NEW YORK (Reuters) - Fashion sales fell victim to consumer cutbacks during the holidays and no respite is in sight this year, but upscale store chain Saks Inc (SKS.N) and off-price retailer TJX Cos Inc (TJX.N) signaled to investors they were working hard to weather the storm.
Saks posted a deeper-than-expected quarterly loss on Wednesday as even its more affluent shoppers headed to sales racks in the recession.
TJX, which buys fashion brands at below-wholesale prices and sells them at deep discounts, posted a profit that was better than expected, but its sales were flat, indicating that even thrifty consumers were not spending much.
Their results follow what was the worst holiday season in nearly four decades for U.S. retailers.
TJX shares closed up 7 percent at $23.12, as investors cheered its profit and comments about looking for flat current year earnings per share, said William Blair analyst Daniel Hofkin.
Saks' shares, after falling as much as 8 percent earlier on Wednesday, reversed the decline to close up 13 percent at $2.09 after Chief Executive Steve Sadove quashed what he said were rumors that Saks might seek bankruptcy protection.
Bankruptcy would destroy shareholder value, Sadove told analysts on a conference call. Our intent and focus is to increase shareholder value.
Both TJX and Saks expect the ravages of the past months to continue, with TJX declining to give a specific full-year forecast, citing the uncertain economic environment.
Saks went a step further, indicating that consumer thrift due to the economic downturn may not end any time soon.
We expect the economic environment will remain extremely challenging throughout 2009, if not beyond, Sadove said. Saks said it was still committed to luxury, would intensify its focus on some brands, and expects to have ample liquidity this year.
WEAKNESS ON FIFTH AVENUE
Retailers across the spectrum, from Saks and Nordstrom (JWN.N) to mid-priced department chains J.C. Penney (JCP.N) and Macy's Inc (M.N), have been hurt deeply by the recession, as they took deep discounts on merchandise to lure shoppers.
Saks posted a net loss of $98.8 million, or 72 cents a share, in its fiscal fourth quarter, compared with a profit of $39.5 million, or 26 cents per share, a year earlier.
Excluding asset impairment, severance expenses and other items, Saks lost 52 cents a share, more than the average analyst expectation of a loss of 30 cents a share, according to Reuters Estimates.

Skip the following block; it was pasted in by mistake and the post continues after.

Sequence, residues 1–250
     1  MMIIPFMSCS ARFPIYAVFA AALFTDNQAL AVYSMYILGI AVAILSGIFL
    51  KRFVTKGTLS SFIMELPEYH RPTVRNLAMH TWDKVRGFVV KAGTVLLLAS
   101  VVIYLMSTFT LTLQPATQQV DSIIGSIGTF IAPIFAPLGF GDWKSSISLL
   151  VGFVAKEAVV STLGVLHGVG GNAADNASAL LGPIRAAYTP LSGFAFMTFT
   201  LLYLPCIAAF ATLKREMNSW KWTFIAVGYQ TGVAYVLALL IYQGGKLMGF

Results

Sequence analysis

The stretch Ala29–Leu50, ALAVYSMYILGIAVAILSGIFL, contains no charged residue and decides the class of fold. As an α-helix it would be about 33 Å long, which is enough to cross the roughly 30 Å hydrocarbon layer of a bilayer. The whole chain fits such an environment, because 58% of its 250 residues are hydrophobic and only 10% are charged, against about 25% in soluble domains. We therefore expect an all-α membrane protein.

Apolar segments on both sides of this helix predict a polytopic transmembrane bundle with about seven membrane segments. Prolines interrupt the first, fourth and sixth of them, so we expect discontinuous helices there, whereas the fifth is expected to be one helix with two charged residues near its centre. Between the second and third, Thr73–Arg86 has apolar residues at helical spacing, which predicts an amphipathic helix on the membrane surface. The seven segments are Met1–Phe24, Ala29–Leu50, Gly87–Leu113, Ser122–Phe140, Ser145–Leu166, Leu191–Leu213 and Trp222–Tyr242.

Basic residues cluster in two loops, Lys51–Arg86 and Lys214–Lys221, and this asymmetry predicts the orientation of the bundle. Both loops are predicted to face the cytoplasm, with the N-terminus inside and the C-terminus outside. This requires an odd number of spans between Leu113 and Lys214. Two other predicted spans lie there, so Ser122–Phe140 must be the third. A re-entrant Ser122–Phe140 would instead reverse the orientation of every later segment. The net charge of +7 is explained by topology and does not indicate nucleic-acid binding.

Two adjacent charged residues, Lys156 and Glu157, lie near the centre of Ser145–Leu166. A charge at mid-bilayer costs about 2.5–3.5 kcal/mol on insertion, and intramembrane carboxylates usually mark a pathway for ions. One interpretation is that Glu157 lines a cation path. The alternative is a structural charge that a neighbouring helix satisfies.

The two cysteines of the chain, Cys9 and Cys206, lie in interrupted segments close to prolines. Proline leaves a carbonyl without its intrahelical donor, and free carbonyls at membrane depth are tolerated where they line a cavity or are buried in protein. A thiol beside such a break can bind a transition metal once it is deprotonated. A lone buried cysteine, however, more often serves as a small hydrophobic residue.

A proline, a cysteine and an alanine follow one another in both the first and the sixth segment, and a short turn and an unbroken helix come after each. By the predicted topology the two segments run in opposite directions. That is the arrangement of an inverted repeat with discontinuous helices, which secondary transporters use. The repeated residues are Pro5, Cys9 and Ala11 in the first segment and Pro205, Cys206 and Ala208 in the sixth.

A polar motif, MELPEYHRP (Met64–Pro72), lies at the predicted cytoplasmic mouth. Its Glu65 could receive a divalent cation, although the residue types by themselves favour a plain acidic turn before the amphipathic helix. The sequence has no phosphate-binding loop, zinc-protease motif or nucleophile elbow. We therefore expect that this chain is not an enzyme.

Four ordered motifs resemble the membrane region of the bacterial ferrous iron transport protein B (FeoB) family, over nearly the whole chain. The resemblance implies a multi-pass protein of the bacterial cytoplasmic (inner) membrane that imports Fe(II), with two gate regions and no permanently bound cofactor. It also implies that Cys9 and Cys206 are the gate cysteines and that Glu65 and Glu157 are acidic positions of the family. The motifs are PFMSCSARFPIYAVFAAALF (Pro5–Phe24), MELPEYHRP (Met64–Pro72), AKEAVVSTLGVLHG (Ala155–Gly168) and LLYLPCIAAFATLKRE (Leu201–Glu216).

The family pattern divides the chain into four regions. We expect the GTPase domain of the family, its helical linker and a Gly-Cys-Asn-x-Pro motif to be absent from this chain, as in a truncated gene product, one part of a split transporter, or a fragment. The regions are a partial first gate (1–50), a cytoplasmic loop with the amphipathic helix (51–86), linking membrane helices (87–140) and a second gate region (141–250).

Revenue fell 14.9 percent to $835.5 million. Saks' New York City flagship store remained weak, with sales of women's clothes suffering the most.
Sadove said Saks had to go as deep as it did with discounts on clothes, but said in an interview that such discounting in the fourth quarter was a one-time affair. [nN25498314]
The retailer plans cost cuts of $50 million to $60 million in the current year from previously announced job reductions and other measures. It plans to cut capital expenditures to $60 million -- down over 50 percent from 2008 -- and is targeting a 20 percent decrease in inventory for 2009.
OFF-PRICE A TOUGH SELL
At TJX, net profit fell to $250.9 million, or 58 cents a share, in the fiscal fourth quarter, ended January 31, compared with $301.1 million, or 66 cents a share, a year earlier.
Excluding items, it earned 55 cents a share, topping the average estimate of 51 cents a share.
Results were partly hurt by the stronger dollar, which it expects will also hurt its profit in the current year.
Sales were flat at $5.4 billion, showing that shoppers at even its off-price stores were careful about spending money.
TJX, whose retail chains include T.J. Maxx, Marshalls, HomeGoods and A.J. Wright, buys excess merchandise at below-wholesale prices and sells it at up to 60 percent less than department stores and specialty retailers.
For the fiscal first quarter, TJX forecast earnings of 32 cents to 38 cents a share from continuing operations. It also forecast revenue of $4.2 billion and a same-store sales decline of 2 percent to 4 percent for the period.
TJX expects the first half of the fiscal year to be tougher and is enforcing cost cuts that include freezing the number of jobs and eliminating pay increases across most of the company.
It is also restructuring some areas of its business, and offering a voluntary early retirement program.
TJX declined to issue a specific full-year outlook, but said that it is broadly looking at per-share earnings that are flat with the prior year if same-store sales decline 2 percent, excluding the impact of currency exchange.
The broad comments on the year were a fine approach in this type of environment,' Hofkin said.
(Reporting by Aarthi Sivaraman; Editing by Brian Moss and Tim Dobbyn)